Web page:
[responsive][/responsive]“Just in the nick of time, the U.S. Postal Service filed price increases averaging nearly 2% late Thursday on most mail except Forever Stamps,” writes D. Eadward Tree last week.
The biggest rate jumps are going to hit businesses in the pocket come late April. Presorted letters and postcards go up by 2.417%; parcels go up by a hefty 10.18%; and Every Door Direct Mail jumps by 5%.
What about catalog and magazine mailers? Look for around 2% there, but Tree urges us to remember that this is average. “Those are average increases, but I’ve never met an average mailer,” he writes.
And if you mail flats, be aware that there will be more regulations for you.
“Flats mailers will face ‘required FSS preparation for all flat-shaped mail pieces destinating in FSS zones’ but also pricing incentives to reward mailers that prepare and enter flats that are most advantageous to the Postal Service,” Tree notes.
And this from Tree: “Postal officials seem especially concerned with the consumer confusion that would result if the price of Forever Stamps were increased and then decreased during the same year, which is probably why they left the price alone.”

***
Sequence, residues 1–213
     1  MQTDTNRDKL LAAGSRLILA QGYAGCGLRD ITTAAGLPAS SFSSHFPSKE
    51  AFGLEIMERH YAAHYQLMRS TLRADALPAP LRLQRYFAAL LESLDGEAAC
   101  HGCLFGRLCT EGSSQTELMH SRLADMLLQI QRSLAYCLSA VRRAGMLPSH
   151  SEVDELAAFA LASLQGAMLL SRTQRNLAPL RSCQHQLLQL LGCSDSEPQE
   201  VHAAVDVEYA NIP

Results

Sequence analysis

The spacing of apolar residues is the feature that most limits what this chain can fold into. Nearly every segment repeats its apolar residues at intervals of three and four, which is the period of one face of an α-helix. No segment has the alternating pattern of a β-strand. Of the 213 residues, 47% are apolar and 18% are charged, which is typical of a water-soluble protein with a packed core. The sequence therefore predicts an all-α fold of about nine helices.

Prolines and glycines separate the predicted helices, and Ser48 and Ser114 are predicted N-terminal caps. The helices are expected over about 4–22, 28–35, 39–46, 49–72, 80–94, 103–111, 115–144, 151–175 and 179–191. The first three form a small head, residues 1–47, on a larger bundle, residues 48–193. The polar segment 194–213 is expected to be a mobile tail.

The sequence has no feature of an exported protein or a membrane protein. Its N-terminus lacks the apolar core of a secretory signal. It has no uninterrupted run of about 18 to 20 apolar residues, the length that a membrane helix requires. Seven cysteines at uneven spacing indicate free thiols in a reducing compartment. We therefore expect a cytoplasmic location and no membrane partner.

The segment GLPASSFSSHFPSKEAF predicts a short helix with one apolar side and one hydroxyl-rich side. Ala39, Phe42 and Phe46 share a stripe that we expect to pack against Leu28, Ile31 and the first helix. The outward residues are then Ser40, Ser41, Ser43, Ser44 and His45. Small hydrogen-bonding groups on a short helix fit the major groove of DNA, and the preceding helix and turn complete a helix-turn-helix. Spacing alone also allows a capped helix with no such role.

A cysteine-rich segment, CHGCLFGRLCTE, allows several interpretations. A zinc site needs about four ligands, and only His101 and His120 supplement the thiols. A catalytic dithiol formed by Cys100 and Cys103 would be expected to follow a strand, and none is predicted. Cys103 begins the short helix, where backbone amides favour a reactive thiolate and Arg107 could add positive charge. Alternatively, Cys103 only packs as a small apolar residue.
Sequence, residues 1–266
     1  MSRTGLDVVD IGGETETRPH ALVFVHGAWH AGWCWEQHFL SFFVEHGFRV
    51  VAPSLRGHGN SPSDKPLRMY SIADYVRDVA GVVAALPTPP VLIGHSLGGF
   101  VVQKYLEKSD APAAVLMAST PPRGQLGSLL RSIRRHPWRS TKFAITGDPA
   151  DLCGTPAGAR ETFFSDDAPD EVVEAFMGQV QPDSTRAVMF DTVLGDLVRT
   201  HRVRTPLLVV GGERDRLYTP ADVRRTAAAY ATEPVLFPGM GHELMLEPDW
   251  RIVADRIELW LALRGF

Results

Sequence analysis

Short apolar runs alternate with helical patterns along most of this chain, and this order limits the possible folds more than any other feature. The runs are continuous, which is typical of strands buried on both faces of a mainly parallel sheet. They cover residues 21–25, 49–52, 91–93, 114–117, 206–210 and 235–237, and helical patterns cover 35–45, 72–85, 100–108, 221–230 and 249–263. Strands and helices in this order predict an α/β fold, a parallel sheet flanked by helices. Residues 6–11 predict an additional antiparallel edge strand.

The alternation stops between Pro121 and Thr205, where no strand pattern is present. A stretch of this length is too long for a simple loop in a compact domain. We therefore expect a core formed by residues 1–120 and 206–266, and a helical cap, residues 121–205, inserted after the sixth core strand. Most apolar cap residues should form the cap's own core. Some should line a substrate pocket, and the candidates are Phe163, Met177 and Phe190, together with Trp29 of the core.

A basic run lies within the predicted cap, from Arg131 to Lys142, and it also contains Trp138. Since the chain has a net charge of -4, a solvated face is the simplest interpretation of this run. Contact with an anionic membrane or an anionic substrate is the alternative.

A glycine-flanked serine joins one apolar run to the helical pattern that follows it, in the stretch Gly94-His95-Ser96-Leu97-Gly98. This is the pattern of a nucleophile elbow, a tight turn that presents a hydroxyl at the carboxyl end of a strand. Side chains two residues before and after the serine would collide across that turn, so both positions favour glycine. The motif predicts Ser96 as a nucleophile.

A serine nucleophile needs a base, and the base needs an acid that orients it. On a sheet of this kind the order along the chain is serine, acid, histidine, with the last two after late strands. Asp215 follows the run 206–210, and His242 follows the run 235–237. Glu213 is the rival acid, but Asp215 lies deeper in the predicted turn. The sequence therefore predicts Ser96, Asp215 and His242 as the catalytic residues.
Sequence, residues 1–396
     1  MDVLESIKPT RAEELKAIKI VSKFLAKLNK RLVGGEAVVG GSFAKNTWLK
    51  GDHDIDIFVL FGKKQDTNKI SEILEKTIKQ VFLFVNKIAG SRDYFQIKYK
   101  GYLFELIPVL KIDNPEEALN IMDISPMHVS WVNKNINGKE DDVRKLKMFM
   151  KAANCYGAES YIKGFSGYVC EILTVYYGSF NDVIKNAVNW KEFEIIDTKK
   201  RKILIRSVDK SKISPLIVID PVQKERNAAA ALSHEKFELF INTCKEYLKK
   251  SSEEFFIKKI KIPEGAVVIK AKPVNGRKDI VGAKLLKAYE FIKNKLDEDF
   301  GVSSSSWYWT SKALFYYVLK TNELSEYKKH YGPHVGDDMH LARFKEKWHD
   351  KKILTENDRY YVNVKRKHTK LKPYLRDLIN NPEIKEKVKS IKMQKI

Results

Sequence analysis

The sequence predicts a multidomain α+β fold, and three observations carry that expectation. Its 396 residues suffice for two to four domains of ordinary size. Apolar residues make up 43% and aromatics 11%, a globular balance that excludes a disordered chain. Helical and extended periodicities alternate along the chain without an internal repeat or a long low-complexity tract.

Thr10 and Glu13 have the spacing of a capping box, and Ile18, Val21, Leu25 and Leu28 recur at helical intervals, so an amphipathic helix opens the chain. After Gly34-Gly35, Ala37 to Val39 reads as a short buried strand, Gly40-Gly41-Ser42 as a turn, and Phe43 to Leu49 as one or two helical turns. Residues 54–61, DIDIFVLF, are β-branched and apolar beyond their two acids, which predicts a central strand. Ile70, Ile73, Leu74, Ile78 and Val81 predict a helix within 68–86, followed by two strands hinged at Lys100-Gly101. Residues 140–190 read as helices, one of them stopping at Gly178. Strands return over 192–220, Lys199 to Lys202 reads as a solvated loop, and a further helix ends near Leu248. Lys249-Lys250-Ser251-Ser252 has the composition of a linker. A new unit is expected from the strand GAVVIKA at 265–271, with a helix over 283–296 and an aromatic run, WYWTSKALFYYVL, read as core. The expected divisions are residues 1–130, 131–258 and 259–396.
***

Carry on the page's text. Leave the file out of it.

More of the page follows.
Well, at least they realize, and are trying to mitigate, the effect all of this has on the consumer. Let’s face it, the average person checking their mail box doesn’t understand how the Postal Regulatory Commission and Congress play into their rates; they fail to grasp how the USPS is not like a real business, unlike FedEx or UPS. They are largely blissfully unaware of the recent shenanigans in Congress and how that impacts the hamstrung USPS management. It’s just not on their radar screen. They do know that it costs more and more for the same (or worse) service and they still need their mail.
An interesting aside to all of this: According to an article in Post & Parcel, the USPS is running some promotions ostensibly to help businesses use direct mail more effectively. They’ll be encouraging marketers to do things they already do, like include BRM envelopes in their First Class mailings and use mobile technology to engage customers.
Thanks just the same, but it seems like there are plenty of mailing experts out there offering this kind of help and advice. How about something on preparing FSS mail to maximize savings? You know, something that might help both the USPS and the business customers that are forced to use them.
UPDATE: The PRC may take up to 45 days to review the filings to determine and confirm whether the rate increases are consistent with applicable law. If approved, the postage increase on market-dominant products will be effective April 26, 2015.